This is also my longest episode so far (other than the live talk). As I state at the beginning of this episode, I don’t know how long episodes are going to evolve to be. In a manner of speaking, they’ll be as long as they “need” to be to address the singular topic I’ve chosen for the episode. Just like when a teacher gives that response for the required length of a paper, I know it’s unsatisfying. But I also don’t know how long it’s going to take to address each topic. I thought initially when I started the podcast it would be in the 10-20 minute time frame. Obviously I was mistaken for the last few. We’ll see what happens.
August 5, 2011
I listen to a lot of paranormal and anti-science material. I do it to keep up with what “the other side” thinks and does. And get blog ideas. One such is the radio show / podcast is entitled “Dreamland” which “takes you to the edge of reality.” Or just past it altogether.
The show is run by Whitley Streiber with occasional guest hosts Anne Streiber (his wife), Jim Marrs (a huge conspiracy nut perhaps best known for his “work” on the JFK assassination), Marla Frees, and sometimes others.
Enough background — this post is about a side comment made by the Mrs. Streiber on the just-out Dreamland episode, “The God Theory.” In actuality, I had little issue with the bulk of the episode, it’s really Mrs. Streiber’s remark early on that got me and is the subject of this post. It also delves a bit into the nature of science.
This statement starts around 1 min 35 sec into the episode.
Mrs. Streiber: “I know a tiny bit about quantum physics. I have a layman’s understanding of it which we’re all going to have to have eventually because the type of science most of us were taught in school – Newtonian – is not relevant anymore, it’s not the way the world works.”
I heard a talk given by the “Bad Astronomer,” Phil Plait, a few months ago, entitled something along the lines of, “The Final Epsilon.” Epsilon, actually epsilon (lower-case), is the Greek letter that looks like ε. In physics and math, ε is used to mean “a very little bit.” For example, I wrote a recipe that calls for 1 part butter, 4+ε parts peanut butter, and 8-ε parts powdered sugar. In other words, it needs a little bit more than 4 parts peanut butter, and a little less than 8 parts powdered sugar.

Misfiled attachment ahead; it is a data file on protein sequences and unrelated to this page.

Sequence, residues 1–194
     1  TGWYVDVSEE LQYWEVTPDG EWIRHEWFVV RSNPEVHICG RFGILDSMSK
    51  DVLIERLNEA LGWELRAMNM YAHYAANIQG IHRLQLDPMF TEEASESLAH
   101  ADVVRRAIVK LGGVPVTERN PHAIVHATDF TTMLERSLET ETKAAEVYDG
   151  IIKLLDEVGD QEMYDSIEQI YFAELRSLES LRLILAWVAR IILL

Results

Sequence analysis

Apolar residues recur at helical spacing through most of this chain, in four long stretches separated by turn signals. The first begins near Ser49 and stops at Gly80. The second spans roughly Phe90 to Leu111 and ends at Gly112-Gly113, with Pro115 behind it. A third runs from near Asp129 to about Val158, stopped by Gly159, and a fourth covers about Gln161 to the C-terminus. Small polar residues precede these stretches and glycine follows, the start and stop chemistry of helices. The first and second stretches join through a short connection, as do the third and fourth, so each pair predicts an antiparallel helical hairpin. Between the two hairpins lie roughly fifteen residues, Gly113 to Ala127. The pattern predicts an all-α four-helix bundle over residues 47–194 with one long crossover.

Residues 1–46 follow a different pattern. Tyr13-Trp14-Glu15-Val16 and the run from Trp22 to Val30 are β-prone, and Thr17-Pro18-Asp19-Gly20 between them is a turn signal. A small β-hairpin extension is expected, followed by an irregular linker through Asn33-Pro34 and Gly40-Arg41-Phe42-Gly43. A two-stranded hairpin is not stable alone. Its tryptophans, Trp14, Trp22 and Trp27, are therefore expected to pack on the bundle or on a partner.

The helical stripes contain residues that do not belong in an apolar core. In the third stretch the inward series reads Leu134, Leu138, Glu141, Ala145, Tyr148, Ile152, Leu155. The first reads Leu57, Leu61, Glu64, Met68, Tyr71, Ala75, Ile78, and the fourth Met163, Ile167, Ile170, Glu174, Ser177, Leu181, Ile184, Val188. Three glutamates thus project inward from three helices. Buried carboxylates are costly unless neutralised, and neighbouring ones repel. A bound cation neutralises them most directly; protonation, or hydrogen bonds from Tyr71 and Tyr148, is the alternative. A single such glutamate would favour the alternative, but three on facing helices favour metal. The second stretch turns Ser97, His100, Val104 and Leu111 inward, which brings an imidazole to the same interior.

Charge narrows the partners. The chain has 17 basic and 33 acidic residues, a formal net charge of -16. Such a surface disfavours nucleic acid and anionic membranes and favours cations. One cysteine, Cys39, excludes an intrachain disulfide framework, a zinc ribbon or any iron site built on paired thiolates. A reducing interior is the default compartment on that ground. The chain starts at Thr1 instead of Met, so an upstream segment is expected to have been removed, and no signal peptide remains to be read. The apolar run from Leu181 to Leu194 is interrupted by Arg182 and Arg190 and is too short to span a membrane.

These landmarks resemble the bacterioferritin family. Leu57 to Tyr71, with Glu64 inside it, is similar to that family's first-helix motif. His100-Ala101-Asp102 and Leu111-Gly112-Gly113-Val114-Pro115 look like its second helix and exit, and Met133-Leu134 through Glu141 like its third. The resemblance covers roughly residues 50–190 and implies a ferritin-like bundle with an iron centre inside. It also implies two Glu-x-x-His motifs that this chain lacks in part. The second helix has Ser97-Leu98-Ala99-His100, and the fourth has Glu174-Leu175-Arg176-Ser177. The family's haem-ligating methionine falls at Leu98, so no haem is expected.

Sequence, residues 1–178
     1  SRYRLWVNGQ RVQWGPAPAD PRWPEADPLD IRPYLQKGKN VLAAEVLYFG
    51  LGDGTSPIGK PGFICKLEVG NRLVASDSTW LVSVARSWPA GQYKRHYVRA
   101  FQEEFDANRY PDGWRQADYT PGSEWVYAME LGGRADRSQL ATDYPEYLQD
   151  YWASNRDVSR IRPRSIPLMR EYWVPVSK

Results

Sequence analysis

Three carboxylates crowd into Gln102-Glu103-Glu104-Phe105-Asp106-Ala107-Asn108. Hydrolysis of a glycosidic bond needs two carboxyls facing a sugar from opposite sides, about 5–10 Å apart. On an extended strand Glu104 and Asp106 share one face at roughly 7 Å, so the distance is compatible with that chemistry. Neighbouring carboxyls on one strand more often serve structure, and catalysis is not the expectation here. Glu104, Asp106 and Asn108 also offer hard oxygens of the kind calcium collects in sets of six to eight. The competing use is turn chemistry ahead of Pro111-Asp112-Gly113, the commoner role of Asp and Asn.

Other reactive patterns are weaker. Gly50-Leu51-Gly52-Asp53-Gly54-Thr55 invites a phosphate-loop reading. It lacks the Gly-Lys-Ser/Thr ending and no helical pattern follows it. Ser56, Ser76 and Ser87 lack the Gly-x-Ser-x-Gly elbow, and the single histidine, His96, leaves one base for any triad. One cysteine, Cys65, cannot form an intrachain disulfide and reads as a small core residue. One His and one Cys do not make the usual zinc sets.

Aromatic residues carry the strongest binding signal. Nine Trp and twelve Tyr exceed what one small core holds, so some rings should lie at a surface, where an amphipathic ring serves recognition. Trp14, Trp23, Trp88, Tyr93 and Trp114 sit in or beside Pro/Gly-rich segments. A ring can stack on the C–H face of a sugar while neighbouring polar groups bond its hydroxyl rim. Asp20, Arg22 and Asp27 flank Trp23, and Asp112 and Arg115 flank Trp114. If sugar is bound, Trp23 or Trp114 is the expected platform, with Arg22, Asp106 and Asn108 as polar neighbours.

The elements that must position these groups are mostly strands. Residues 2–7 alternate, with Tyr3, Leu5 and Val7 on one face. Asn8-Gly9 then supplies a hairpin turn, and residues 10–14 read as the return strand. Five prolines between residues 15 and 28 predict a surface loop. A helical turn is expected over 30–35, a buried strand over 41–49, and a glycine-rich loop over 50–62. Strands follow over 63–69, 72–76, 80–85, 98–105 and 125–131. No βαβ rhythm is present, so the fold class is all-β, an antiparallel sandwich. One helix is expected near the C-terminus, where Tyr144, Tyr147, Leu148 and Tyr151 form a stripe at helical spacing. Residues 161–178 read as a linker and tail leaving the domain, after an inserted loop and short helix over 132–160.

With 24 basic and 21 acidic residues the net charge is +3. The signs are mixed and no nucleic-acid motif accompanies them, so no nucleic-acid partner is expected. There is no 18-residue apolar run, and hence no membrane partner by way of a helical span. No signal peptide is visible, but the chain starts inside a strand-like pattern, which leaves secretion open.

Dr. Plait’s thesis was effectively, in skepticism, what is our “final ε?” In science, we can never prove anything 100%. We can never disprove something 100%. Similarly, in modern scientific skepticism, we can never disprove someone’s claim 100%. Despite every debunked alleged psychic, we can never prove 100% that psychic powers are not possible.
The discussion during Dr. Plait’s talk was, though, at what point do we say for all practical purposes we have disproved something? After debunking dozens upon dozens of astrologers and their claims and their methods, even though scientifically I can’t say astrology is 100% Taurus (see what I did there?), I could say it’s 99.9999% bull. And if I’m so close, just 0.0001% away from absolute Truth, am I willing – for all practical purposes – to say that that is my ε and I have effectively proven it to be false?
Tying These Two Together
Now you might be thinking, “Gee, that’s fascinating and I love me some good calculus, but what does this have to do with whether Newton is okay or if I have to learn QM?” I’m glad you asked.
Another point that Phil mentioned in his talk is that the concept of the “final ε” is just as applicable to how we view the world through physics. Newton’s Law of Gravity works in our every-day world. It very accurately describes what will happen if I drop a